Founder of Pencil Kings
Mitch Bowler is the founder of Pencil Kings, a website that provides art education at a high level without the high cost.
Mitch went from having no team at all to having a well oiled course production machine that comes out with new courses twice a month, a podcast that goes out weekly, and a new community event that happens each month. All done with a virtual team spread all over the world.
Tactic that has had the biggest impact on Mitch’s success
Hiring and finding good people who are passionate about your brand and are aligned with your mission
Result if you follow the steps in Mitch’s session
Get work life balance, more profit and a more empowered and engaged team
Full session with video, notes, audio and discussion inside EHQ Club. Learn more
Expert session snapshot
I think in the beginning, we are looking to produce, we’re looking to regularly produce courses for our members because people are paying a monthly fee. They expect something new every month. And so what we do is we add in new courses that people can take. And what I realized was that I wasn’t great at recruiting people to create these courses and my business partner wasn’t good at recruiting people for these courses.
And so I wouldn’t found somebody. And I think just as a stroke of luck, it was a great first hire, having a project manager, somebody who could go out and find people and have a system behind it, where she was able to systematically like go and do outreach. And we’re now to the point where we know exactly how many artists we need to reach out to, in order to get the amount of courses that we needed.
Just like any other process in your business, you know, you have certain number of leads, and those will convert into a certain number of sales, you have a certain number of artists we contact which will lead into a certain number of courses to get produced for us. And so that was the big one.
But then I was just feeling a lot of overwhelm. And I think a lot of people can relate to that feeling where you just have too much to do. And so one of the things I did early on was I created a mind map with all the things that I was doing so I was in the center and then around me I just listed all the tasks. That’s the only place I started. It wasn’t very sophisticated mind map.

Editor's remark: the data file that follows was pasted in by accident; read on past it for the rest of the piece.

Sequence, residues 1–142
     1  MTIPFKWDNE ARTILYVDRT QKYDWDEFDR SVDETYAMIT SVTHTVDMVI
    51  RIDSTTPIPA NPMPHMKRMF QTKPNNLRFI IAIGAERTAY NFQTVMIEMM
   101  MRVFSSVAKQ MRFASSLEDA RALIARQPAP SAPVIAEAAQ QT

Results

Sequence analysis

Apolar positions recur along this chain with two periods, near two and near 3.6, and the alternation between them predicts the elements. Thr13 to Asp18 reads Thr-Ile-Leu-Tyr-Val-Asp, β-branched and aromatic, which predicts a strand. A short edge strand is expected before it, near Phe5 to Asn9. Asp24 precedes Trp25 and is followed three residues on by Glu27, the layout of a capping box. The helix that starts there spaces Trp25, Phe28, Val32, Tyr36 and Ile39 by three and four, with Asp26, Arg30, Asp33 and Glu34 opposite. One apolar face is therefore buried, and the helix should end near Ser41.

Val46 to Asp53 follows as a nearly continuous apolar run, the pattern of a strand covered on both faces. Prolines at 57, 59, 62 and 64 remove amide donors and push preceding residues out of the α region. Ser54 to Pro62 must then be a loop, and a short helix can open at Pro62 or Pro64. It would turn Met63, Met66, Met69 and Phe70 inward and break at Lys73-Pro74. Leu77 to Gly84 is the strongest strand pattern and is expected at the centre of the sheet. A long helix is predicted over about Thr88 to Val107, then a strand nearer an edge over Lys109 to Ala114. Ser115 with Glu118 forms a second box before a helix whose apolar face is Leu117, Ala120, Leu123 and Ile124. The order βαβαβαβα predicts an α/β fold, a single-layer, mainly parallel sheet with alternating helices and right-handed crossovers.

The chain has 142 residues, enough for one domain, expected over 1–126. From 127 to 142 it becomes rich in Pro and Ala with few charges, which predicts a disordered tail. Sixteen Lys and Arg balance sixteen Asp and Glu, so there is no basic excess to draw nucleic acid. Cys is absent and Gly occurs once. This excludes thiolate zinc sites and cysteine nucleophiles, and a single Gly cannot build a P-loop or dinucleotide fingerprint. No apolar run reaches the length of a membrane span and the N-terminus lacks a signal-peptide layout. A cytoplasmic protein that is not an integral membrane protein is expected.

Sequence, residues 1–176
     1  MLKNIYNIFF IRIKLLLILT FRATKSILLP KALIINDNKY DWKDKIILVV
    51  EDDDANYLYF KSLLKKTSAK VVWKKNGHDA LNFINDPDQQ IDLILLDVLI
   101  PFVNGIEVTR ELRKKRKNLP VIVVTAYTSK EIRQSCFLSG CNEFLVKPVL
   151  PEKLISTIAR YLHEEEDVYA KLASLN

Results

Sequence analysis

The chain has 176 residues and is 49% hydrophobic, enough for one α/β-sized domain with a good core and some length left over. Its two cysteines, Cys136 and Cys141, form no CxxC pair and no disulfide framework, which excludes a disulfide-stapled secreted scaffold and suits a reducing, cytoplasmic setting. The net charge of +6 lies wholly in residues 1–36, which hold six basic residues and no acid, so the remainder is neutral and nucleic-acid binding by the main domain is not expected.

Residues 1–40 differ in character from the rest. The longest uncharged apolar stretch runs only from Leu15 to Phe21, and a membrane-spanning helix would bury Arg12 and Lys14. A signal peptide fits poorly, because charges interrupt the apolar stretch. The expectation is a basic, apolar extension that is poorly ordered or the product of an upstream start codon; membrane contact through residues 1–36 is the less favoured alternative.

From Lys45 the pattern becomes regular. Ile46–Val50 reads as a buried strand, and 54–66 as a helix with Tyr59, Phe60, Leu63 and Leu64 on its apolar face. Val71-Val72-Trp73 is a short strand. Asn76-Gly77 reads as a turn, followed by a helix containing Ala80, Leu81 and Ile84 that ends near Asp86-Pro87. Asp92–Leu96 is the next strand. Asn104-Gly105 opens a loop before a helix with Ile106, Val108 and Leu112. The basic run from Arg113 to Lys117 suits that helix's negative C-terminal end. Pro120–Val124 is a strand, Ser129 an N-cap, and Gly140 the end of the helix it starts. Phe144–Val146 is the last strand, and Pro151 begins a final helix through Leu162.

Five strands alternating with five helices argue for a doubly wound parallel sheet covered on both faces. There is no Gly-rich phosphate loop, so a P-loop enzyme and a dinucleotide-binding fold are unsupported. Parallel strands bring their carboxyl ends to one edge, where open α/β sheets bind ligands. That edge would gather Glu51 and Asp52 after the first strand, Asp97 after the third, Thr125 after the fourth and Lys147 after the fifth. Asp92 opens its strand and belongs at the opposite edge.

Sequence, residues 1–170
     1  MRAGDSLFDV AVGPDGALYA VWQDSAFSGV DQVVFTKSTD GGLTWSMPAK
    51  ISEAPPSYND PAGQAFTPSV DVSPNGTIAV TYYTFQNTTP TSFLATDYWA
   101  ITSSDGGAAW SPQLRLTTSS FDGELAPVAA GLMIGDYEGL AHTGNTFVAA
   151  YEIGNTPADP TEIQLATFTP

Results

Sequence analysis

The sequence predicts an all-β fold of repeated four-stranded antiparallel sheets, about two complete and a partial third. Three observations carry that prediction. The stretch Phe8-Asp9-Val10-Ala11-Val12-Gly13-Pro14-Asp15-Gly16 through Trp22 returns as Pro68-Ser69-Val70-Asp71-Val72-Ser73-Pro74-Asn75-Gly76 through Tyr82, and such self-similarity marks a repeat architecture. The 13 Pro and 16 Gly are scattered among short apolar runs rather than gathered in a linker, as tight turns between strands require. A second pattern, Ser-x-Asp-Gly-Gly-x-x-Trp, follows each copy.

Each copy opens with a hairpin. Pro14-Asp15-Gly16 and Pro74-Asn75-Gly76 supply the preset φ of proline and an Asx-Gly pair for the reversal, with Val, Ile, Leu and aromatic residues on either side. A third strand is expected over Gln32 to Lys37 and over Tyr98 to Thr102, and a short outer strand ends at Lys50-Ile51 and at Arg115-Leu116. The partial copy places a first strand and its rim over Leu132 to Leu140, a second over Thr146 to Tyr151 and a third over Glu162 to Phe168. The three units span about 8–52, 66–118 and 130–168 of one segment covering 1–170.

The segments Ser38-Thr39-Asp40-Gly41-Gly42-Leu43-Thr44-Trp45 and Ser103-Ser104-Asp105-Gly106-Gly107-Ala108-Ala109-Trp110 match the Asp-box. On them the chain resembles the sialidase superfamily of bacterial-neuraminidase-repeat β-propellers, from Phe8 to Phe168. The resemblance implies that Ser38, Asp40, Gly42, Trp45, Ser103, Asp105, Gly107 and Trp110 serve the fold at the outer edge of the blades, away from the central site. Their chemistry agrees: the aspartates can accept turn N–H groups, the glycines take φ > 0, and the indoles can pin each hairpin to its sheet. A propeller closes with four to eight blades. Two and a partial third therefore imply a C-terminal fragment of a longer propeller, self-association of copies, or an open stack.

And then I started breaking, grouping these tasks into groups like content production, writing articles, and editing videos, editing podcasts, and then assign a title to those. So I started with the task and then went to the title. And then I kind of had a blueprint of the team that I needed to build around me.
So earlier incarnation of the team, we had a video editor, content producer, project manager, customer support and development, and then me. We kind of like doing it a million things still, but these are the five main pillars of our business, then we later on added a community manager. And so these are all like, natural groupings of tasks.
And while you think you might be able to do all of them, and some people can, it’s you can’t really do them great. You need to focus on one thing, and I’m always amazed at how, even though with this membership site, we’re six years into the business, and I feel like I’m a master at this thing when I’m able to focus. I mean, I can just get so much deeper and so much better at a certain test.
So I realized that trying to do all this stuff around is it’s just not very efficient or optimized, it’s really a crazy process. And it just leads to having bad relationships, you know, with your significant other, your friends, you’re working all the time. And while it seems like a great lifestyle business, it ends up being a lifestyle nightmare because you have so much stuff to manage.
And one of the things about a membership site is that you’re constantly having to please these people, which you might not think about. Whereas if you have like a one off sales funnel, you can create that and step away with this, you’re always having to update something, give something to somebody.
So you really can, you know, save yourself a lot of problems by thinking through this and realizing, okay, I’m signing up for a hamster wheel where it’s going to be going all the time. What can I do to minimize the time that I spent on the hamster wheel having to produce content whenever. There’s different ways you can position your membership site, I don’t think we’ll get into that here, but you know, really think about these things into the future because it can save you a lot of pain down the road.
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